My main interest lies in the amazing array of shapes, forms and colours of the different species, then how they got their names and of course how photogenic they are. I’m too cowardly and way too inexperienced in the identification of most fungi to risk eating almost any gathered from the wild. However, this next one I do know well as one of the most sought after fungi, much prized by foodies and chefs. Pushing up through pine needles, twigs and cones we came upon this cluster of colourful Chanterelles, one I have eaten and may again, especially witht belt-and-braces id from an expert, as today.

Chanterelle – Cantharellus cibarius

AT THE RISK OF REPEATING MYSELF – PLEASE BEWARE OF THESE!! Around 10% of fungi species are poisonous and there are some you definitely must learn to identify positively if you’re a forager – death from eating any of these fungi would be a horrible way to go!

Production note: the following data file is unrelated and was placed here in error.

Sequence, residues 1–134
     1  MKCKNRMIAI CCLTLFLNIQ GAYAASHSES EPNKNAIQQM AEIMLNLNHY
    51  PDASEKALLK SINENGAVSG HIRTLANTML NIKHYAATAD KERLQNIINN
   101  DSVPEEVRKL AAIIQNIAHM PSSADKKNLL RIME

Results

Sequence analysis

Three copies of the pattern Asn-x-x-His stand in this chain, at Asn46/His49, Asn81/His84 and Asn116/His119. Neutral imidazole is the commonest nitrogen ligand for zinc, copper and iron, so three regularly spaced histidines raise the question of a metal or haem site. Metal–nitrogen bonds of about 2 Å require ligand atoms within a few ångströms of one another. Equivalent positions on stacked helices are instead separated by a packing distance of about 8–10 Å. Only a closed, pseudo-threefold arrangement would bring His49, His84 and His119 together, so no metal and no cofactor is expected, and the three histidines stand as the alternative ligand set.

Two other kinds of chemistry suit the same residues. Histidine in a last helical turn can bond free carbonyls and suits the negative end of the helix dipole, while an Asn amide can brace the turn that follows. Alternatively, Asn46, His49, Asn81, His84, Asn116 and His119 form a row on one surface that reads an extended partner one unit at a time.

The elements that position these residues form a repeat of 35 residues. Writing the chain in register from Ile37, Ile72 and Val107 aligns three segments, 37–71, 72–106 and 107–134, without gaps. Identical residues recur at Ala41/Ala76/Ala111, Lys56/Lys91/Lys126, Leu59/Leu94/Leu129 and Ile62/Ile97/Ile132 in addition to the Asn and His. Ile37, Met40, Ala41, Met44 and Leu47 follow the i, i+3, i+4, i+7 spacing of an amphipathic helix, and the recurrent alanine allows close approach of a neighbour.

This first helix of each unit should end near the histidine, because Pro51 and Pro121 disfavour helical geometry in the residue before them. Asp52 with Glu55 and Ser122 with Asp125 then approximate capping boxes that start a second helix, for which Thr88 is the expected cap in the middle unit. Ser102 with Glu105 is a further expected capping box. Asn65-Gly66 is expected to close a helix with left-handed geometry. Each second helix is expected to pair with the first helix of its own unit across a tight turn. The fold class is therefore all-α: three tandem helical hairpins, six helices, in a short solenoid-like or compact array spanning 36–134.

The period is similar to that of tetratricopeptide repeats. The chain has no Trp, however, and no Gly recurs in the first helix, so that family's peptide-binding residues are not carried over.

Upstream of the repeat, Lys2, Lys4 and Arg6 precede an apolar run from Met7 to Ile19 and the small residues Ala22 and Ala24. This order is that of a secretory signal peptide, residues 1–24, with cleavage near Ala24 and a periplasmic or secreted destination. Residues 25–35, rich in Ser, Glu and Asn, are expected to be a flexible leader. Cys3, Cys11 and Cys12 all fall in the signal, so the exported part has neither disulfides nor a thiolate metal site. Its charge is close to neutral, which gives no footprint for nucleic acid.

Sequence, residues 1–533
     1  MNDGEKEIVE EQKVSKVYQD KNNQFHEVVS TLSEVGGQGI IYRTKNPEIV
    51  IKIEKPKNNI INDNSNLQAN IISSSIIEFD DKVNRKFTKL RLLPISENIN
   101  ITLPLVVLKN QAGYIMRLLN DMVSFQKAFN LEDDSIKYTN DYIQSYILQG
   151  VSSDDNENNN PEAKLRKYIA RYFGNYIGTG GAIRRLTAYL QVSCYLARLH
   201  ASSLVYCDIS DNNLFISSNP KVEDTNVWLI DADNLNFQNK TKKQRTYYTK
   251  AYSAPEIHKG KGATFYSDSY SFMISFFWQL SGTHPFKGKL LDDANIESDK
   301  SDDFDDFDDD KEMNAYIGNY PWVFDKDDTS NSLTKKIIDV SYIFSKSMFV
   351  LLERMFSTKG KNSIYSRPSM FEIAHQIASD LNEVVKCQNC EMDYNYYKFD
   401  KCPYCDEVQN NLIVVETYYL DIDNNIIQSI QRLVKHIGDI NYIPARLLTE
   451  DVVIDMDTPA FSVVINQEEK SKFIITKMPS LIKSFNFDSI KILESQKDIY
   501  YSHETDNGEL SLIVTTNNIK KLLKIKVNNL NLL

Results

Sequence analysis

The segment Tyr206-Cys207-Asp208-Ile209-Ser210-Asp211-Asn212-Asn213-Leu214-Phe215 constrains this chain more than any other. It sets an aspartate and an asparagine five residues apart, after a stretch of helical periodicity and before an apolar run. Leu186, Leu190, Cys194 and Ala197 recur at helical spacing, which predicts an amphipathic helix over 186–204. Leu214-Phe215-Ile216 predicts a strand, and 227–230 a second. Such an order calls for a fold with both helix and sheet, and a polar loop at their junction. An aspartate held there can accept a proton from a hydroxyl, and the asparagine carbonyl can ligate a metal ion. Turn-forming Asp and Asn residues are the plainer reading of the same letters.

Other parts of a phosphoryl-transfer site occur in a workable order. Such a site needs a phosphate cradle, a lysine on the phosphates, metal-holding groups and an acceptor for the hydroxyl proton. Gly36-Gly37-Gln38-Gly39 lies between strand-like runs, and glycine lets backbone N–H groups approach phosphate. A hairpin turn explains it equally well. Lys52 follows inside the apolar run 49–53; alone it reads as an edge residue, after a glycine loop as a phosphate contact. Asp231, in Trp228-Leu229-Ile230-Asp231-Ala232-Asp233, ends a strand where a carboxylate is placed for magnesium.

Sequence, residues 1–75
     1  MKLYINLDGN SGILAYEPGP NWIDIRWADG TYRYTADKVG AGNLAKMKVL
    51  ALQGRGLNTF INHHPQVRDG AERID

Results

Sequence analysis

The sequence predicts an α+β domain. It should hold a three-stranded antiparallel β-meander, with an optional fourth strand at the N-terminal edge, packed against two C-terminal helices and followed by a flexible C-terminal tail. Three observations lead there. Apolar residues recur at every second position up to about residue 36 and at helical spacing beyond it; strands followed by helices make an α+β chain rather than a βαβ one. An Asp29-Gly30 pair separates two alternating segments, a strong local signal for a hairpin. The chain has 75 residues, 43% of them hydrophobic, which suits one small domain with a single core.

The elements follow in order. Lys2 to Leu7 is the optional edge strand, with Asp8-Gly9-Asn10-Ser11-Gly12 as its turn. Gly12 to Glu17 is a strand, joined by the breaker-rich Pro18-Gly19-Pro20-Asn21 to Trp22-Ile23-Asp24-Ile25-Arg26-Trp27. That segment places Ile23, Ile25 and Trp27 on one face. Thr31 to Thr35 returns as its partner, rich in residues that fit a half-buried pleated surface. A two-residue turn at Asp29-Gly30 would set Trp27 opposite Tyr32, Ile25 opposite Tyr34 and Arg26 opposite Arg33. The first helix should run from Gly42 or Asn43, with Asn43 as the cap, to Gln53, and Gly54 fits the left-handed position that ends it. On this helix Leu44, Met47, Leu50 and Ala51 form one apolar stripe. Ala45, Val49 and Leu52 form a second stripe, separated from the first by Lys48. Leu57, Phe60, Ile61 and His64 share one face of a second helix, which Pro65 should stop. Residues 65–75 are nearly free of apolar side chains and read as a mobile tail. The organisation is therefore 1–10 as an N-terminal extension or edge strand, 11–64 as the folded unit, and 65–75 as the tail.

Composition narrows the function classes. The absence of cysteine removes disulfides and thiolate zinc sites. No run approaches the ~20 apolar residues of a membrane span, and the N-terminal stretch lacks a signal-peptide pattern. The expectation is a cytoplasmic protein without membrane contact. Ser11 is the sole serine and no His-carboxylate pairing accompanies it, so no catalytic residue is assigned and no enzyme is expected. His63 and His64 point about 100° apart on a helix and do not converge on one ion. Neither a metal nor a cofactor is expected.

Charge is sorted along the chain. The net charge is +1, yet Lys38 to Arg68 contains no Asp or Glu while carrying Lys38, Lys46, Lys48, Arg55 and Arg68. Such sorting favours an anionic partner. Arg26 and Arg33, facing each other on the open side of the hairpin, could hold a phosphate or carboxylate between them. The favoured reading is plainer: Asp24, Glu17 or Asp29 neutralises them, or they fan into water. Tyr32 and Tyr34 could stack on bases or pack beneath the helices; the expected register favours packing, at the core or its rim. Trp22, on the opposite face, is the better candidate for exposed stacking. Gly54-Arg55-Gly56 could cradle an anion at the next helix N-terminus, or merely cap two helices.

Growing just a metre or so away from the Chanterelles was a fungus to be avoided at all cost: the Destroying Angel, more likely to be encountered in the more mountainous areas of the British Isles as here, than in the lowlands.

Destroying Angel-Amanita virosa

Funeral Bell

I think (hope!) I’ve matched the right image for this next one as it’s another fungus to be avoided at all costs. The common name for this is Funeral Bell and pro rata its size, we were told it is one of the most poisonous of all fungi growing in the British Isles, containing the same deadly poisonous toxins that occur in the Death Cap. This notorious Funeral Bell appears on conifer stumps and occasionally on the stumps of broadleaf trees.

Back on safer ground, for people that is, the common-and-dreaded-by-gardeners Honey Fungus. I had no idea it could, and clearly does grow this big!

Honey Fungus – Armillaria mellea